Cytokine release syndrome (CRS) embodies a mixture of clinical manifestations, including elevated circulating cytokine levels, acute systemic inflammatory symptoms and secondary organ dysfunction, which was first described in the context of acute graft-versus-host disease after allogeneic hematopoietic stem-cell transplantation and was later observed in pandemics of influenza, SARS-CoV and COVID-19, immunotherapy of tumor, after chimeric antigen receptor T (CAR-T) therapy, and in monogenic disorders and autoimmune diseases. Particularly, severe CRS is a very significant and life-threatening complication, which is clinically characterized by persistent high fever, hyperinflammation, and severe organ dysfunction. However, CRS is a double-edged sword, which may be both helpful in controlling tumors/viruses/infections and harmful to the host. Although a high incidence and high levels of cytokines are features of CRS, the detailed kinetics and specific mechanisms of CRS in human diseases and intervention therapy remain unclear. In the present review, we have summarized the most recent advances related to the clinical features and management of CRS as well as cutting-edge technologies to elucidate the mechanisms of CRS. Considering that CRS is the major adverse event in human diseases and intervention therapy, our review delineates the characteristics, kinetics, signaling pathways, and potential mechanisms of CRS, which shows its clinical relevance for achieving both favorable efficacy and low toxicity.


Subject(s)
Cytokine Release Syndrome , Signal Transduction/immunology , Acute Disease , Autoimmune Diseases/complications , Autoimmune Diseases/immunology , Autoimmune Diseases/therapy , COVID-19/complications , COVID-19/immunology , COVID-19/therapy , Cytokine Release Syndrome/etiology , Cytokine Release Syndrome/immunology , Cytokine Release Syndrome/therapy , Graft vs Host Disease/complications , Graft vs Host Disease/immunology , Graft vs Host Disease/therapy , Hematopoietic Stem Cell Transplantation , Humans , Immunotherapy, Adoptive/adverse effects , Influenza, Human/complications , Influenza, Human/immunology , Neoplasms/complications , Neoplasms/immunology , Neoplasms/therapy , SARS Virus/immunology , SARS-CoV-2/immunology , Severe Acute Respiratory Syndrome/complications , Severe Acute Respiratory Syndrome/immunology , Severe Acute Respiratory Syndrome/therapy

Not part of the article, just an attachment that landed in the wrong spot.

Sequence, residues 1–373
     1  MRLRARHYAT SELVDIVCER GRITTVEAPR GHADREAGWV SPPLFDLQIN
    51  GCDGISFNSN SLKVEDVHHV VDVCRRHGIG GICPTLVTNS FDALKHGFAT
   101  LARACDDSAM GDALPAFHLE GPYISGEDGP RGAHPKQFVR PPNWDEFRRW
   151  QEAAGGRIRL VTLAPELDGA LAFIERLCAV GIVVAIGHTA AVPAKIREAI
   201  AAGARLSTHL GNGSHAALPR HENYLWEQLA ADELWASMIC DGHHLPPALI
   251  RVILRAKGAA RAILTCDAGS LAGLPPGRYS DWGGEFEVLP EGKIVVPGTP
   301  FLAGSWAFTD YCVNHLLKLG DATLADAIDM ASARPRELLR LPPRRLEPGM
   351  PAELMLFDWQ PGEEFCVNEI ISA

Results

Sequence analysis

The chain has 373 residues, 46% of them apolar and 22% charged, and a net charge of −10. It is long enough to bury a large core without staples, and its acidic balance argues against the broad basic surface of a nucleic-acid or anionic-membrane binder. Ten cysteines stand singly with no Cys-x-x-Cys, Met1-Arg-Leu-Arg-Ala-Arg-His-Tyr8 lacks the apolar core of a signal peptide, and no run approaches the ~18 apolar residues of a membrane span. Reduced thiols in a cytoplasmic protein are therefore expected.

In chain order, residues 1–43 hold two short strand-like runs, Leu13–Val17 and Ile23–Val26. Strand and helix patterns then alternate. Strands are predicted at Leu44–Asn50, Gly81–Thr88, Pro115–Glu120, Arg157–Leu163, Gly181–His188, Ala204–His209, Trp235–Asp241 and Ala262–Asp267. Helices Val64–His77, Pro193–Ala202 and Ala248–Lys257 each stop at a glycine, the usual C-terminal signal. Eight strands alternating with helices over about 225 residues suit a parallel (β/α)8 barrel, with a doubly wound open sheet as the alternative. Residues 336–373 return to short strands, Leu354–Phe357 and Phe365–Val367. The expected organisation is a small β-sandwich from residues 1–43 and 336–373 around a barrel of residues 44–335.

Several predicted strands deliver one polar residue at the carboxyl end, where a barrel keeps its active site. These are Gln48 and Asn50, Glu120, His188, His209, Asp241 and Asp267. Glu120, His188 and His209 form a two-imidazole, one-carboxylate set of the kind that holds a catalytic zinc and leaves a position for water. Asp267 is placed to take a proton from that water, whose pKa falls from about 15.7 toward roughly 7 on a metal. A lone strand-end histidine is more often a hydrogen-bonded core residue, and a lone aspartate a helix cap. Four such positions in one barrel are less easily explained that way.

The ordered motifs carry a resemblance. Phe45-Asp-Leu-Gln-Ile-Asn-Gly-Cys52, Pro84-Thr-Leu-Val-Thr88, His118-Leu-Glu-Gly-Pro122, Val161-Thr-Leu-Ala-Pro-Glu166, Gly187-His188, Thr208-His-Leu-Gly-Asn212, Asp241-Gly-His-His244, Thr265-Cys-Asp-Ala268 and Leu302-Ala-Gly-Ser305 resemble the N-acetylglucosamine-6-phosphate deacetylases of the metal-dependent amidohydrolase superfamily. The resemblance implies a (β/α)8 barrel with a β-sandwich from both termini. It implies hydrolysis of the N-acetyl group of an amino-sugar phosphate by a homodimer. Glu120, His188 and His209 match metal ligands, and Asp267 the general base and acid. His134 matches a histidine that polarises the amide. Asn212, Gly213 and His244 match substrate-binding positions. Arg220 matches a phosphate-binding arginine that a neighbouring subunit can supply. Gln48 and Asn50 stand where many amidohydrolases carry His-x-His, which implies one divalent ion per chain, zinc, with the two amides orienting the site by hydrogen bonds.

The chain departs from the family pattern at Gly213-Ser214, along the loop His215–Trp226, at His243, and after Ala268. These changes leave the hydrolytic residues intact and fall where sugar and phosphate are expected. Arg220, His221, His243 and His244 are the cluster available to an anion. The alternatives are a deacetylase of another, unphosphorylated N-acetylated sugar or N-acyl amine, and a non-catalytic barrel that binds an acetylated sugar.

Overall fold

7.
Front Immunol ; 11: 565521, 2020.
Article in English | MEDLINE | ID: covidwho-1389164

ABSTRACT

Neurological disorders caused by neuroviral infections are an obvious pathogenic manifestation. However, non-neurotropic viruses or peripheral viral infections pose a considerable challenge as their neuropathological manifestations do not emerge because of primary infection. Their secondary or bystander pathologies develop much later, like a syndrome, during and after the recovery of patients from the primary disease. Massive inflammation caused by peripheral viral infections can trigger multiple neurological anomalies. These neurological damages may range from a general cognitive and motor dysfunction up to a wide spectrum of CNS anomalies, such as Acute Necrotizing Hemorrhagic Encephalopathy, Guillain-Barré syndrome, Encephalitis, Meningitis, anxiety, and other audio-visual disabilities. Peripheral viruses like Measles virus, Enteroviruses, Influenza viruses (HIN1 series), SARS-CoV-1, MERS-CoV, and, recently, SARS-CoV-2 are reported to cause various neurological manifestations in patients and are proven to be neuropathogenic even in cellular and animal model systems. This review presents a comprehensive picture of CNS susceptibilities toward these peripheral viral infections and explains some common underlying themes of their neuropathology in the human brain.